Publication Date

2011-07-25

Availability

Open access

Embargo Period

2011-07-25

Degree Type

Dissertation

Degree Name

Doctor of Philosophy (PHD)

Department

Physical Therapy (Medicine)

Date of Defense

2011-06-23

First Committee Member

Ira M. Fiebert

Second Committee Member

Kathryn E. Roach

Third Committee Member

Penny G. Kroll

Fourth Committee Member

James G. Moore

Abstract

Backpacks are used by more than 90% of schoolchildren worldwide and over 40 million students in the United States on a regular basis. The carriage of loaded backpacks is associated with kinematic and physiological changes, as well as complaints of neck and back pain. Since a history of backpain in childhood is the strongest predictor of having musculoskeletal discomfort and back pain as an adult, development of back pain due to backpack use is of prognostic concern. The purpose of this dissertation was to examine the effects of backpack weights (up to 20% body weight (BW)) on children’s posture, subjective complaints of pain and perceived exertion, and walking endurance. A secondary goal was to examine the data to identify and recommend a weight limit for backpacks carried by elementary school children based on the results. In Chapter 2, we performed a preliminary study designed to examine the effects of loaded backpacks on forward head posture in school children. The results of this study found that forward head posture increased with both backpack weight and condition. The greatest differences were noted at the 15% and 20%BW backpack loads with initial loading, but after 6 minutes of walking the forward head posture was similar for all backpack loads. In Chapter 3, we conducted a study to evaluate multiple postural angles and the subjective complaints of pain and perceived exertion/fatigue in children to determine the effects of both the weight and time spent carrying loaded backpacks up to 20%BW. Subjects showed significant changes in all measures including the Six Minute Walk Test (6MWT), OMNI Walk/Run Scale of perceived exertion/fatigue and subjective complaints of pain, as well as the postural angles of Craniovertebral Angle, Forward Trunk Lean, and Pelvic Tilt. Subjects demonstrated immediate and significant changes in forward head posture, forward trunk lean, and pelvic tilt while wearing backpacks weighing 10%, 15% and 20%BW, but the 10%BW backpack resulted in the least amount of change. This study also found that these postural angles changed additionally after walking 6 minutes while carrying the loaded backpacks. Subjects also demonstrated decreased 6MWT distances and increased reports of perceived exertion and pain after carrying backpacks weighing 10%, 15% and 20%BW. In Chapter 4, we discussed the clinical implications of this research. It was determined that backpack loads weighing 10%, 15% and 20%BW of a child’s body weight result in immediate changes in posture, which continue to increase after walking six minutes with the loaded backpack. The backpack loads significantly impacted the children’s walking endurance as well as their reports of perceived exertion/fatigue and regional pain. This study found that of the loads tested, the 10%BW resulted in the least amount of change in all outcome measures. However, the 10%BW load was not innocuous, as it still created significant changes in posture and subjective complaints. Backpack weight limit guidelines need to be written to protect children from carrying backpacks weighing more than 10% body weight.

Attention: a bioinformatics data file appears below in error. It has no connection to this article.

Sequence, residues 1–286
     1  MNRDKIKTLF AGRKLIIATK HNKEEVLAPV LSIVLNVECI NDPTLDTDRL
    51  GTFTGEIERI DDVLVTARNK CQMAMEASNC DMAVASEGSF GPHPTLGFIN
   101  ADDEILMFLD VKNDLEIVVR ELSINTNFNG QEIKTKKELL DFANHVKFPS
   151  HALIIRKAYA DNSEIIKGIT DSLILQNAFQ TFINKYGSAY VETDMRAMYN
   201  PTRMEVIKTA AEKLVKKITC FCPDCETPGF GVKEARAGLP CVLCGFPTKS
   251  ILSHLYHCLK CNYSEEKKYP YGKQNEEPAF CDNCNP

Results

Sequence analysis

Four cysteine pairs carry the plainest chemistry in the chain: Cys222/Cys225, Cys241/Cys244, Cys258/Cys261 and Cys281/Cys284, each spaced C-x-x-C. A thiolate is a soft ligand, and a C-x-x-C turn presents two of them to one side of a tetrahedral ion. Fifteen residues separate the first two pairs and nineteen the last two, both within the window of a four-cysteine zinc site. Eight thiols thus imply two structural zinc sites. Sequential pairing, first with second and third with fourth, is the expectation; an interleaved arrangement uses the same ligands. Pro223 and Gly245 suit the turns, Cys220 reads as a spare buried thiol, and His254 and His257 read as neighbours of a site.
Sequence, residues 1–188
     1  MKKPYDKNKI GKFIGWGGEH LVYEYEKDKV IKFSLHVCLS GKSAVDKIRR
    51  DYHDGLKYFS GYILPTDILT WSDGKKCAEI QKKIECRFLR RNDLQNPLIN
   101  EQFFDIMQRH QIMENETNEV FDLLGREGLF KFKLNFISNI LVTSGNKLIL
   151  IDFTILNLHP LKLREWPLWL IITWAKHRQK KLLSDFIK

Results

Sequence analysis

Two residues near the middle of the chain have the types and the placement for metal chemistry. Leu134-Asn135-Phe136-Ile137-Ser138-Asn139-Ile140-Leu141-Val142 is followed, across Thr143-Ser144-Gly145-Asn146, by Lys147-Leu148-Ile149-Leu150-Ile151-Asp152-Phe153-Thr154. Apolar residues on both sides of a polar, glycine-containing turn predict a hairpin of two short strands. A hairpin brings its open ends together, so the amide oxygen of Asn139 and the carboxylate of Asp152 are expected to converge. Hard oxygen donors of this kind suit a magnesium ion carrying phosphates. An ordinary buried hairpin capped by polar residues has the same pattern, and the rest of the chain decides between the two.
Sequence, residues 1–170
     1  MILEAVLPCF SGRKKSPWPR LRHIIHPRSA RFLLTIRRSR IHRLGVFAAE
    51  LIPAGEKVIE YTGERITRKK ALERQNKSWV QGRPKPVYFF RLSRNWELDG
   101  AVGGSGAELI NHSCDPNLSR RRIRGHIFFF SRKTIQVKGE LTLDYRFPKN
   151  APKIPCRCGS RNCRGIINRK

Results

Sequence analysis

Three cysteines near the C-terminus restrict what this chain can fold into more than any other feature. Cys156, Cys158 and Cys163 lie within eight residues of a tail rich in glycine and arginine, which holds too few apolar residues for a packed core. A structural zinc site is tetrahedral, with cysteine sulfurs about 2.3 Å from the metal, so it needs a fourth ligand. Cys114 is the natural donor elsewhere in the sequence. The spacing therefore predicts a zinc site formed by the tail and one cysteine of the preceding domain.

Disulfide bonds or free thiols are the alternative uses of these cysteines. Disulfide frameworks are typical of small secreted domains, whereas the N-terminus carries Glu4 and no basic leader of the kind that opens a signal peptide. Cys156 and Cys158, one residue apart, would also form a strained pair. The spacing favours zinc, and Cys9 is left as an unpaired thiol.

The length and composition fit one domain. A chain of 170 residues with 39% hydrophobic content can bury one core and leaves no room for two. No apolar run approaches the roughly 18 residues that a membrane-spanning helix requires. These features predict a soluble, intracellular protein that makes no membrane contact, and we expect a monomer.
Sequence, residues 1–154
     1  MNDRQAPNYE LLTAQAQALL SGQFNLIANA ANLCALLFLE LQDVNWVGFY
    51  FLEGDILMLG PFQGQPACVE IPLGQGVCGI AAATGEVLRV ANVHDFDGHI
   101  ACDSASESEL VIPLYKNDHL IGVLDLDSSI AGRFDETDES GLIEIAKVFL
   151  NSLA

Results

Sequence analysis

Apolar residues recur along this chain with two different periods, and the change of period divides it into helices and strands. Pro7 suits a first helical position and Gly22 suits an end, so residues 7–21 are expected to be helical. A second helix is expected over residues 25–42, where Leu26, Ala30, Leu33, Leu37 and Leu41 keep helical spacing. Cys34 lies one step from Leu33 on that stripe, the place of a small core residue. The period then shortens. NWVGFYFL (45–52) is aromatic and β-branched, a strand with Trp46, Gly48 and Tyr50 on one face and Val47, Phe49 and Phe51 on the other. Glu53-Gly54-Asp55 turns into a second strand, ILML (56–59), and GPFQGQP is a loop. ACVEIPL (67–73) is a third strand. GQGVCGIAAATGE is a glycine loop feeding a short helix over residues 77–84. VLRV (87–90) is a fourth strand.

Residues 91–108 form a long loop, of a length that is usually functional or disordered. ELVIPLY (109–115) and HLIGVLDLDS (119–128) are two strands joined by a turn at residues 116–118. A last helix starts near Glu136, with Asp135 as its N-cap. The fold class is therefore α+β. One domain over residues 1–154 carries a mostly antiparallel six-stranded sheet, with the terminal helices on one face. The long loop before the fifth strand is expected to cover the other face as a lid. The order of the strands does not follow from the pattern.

Keywords

backpack; postural compensation; children; subjective complaints; forward head posture; forward trunk lean

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